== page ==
***1/2 (out of 5)
May 27, 2005
Ben Stiller as ALEX THE LION
Chris Rock as MARTY THE ZEBRA
David Schwimmer as MELMAN THE GIRAFFE
Jada Pinkett Smith as GLORIA THE HIPPO
Sacha Baron Cohen as JULIAN
Cedric the Entertainer as MAURICE
Andy Richter as MORT
Directed by: Eric Darnell and Tom McGrath
BY KEVIN CARR
Listen to Kevin’s radio review…
I’ve generally liked most of the computer generated features that have been released by the major studios. I even liked “Final Fantasy: The Spirits Within,” although that was a notorious bomb that almost bankrupted its own company.
Clearly, the market leaders in the area of CGI animation are Pixar and DreamWorks. FOX comes in a distant third, having only released “Ice Age” and “Robots” as full-blown event films. (However, they’re coming up from behind fast with the impending “Ice Age 2.”)
Without fail, the Pixar movies have been excellent. But DreamWorks stumbled last year with the cinematic atrocity “Shark Tale.” Balancing that against the “Shrek” franchise, the DreamWorks slate isn’t quite batting a thousand.
So, understandably, I went into “Madagascar” with caution. But I found a lot to like about the movie. I generally enjoyed the cast. Having been a Ben Stiller fan for years, I was curious to see how he did leading a film with just his voice. He held his own, but it was very clear that his greatest strengths lie in on-camera work.
Chris Rock had done some excellent voice work in the past, including some great stuff in “Doctor Doolittle,” so he was a shoe-in. Jada Pinkett Smith gives a good comic performance as Gloria the Hippo. Even David Schwimmer, who easily can fall into the realm of annoying, worked perfectly as Melman the hypochondriac giraffe.
The movie tells the story of a group of animals in the Central Park Zoo who escape to the Wilds. The original attempt is made by a bunch of gangster penguins, but they are followed by Marty the Zebra. Marty’s friends decide to go after him and return him home. However, after terrorizing the good people of New York with runaway zoo animals, the group is boxed up to be shipped to a game preserve.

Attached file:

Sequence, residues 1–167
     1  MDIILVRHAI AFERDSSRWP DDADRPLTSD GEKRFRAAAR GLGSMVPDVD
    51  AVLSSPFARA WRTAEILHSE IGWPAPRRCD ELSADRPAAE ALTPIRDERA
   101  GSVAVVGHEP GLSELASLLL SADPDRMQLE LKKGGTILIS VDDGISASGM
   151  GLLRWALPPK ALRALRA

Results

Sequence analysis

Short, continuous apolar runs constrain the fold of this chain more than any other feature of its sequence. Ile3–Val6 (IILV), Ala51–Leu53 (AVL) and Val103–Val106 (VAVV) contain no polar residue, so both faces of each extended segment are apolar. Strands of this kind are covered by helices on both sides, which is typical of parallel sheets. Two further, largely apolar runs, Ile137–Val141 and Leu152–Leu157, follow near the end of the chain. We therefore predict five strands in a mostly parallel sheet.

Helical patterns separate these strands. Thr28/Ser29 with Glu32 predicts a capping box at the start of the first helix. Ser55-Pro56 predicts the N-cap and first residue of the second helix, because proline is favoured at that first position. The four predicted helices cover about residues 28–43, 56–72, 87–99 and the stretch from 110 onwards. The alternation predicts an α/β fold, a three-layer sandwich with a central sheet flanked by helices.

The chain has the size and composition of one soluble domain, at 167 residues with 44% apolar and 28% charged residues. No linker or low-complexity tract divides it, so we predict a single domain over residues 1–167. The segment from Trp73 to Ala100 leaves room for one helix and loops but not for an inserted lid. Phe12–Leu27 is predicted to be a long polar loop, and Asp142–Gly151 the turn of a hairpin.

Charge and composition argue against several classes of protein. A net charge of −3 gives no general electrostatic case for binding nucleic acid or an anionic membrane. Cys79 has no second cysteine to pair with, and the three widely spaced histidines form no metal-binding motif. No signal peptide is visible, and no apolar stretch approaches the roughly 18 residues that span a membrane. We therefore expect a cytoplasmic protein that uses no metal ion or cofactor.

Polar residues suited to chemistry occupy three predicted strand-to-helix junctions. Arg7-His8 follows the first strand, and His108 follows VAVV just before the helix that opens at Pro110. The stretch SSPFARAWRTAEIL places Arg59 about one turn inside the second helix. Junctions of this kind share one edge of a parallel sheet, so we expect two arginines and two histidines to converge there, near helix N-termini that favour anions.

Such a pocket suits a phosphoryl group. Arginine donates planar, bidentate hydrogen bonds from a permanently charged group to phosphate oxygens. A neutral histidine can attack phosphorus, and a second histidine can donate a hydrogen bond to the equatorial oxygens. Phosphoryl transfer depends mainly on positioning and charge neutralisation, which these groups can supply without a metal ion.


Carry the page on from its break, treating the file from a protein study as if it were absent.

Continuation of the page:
When it comes to story, don’t expect to be blown away by “Madagascar.” We’ve seen much of the plot before – maybe not in the exact sense, but the story of animals (or people) longing to be free has been almost done to death. The only less-original animation plot involves a princess trying to marry out of royalty (or vice versa).
Still, I was okay with the weak plot. “Madagascar” still makes for a fun movie.
Like “Shark Tale,” “Madagascar” relies more on gags and one-liners. However, unlike “Shark Tale,” “Madagascar” does a decent job of executing these gags. The chance of someone enjoying this movie is almost entirely dependent on whether they want a great plot or are happy with just the jokes.
“Madagascar” isn’t the best family film to come down the pike, and it’s got a lot to live up to in the CGI world, but it sure as heck beats the pants off of DreamWorks’ previous “Shark Tale.”
You don’t have anyone nearly as irritating as Jack Black or Will Smith. And in this film, the characters are plain goofy rather than just weak. But the real treat are scene-stealing performances by some minor characters. Sacha Baron Cohen (aka D Ali G) is hilarious as Julian the lemur king, and director Tom McGrath scores as the Penguin leader. Two intellectual monkeys intent on flinging poo at Tom Wolfe are also a riot. McGrath in particular rivals Brad Bird’s director cameo as Edna in “The Incredibles” with his low-key performance. I would have thought he was the trained comedian.
“Madagascar” revels in its own silliness and does so unapologetically. The kids are going to love the zany characters, and there’s a fair share of humor in there for parents as well.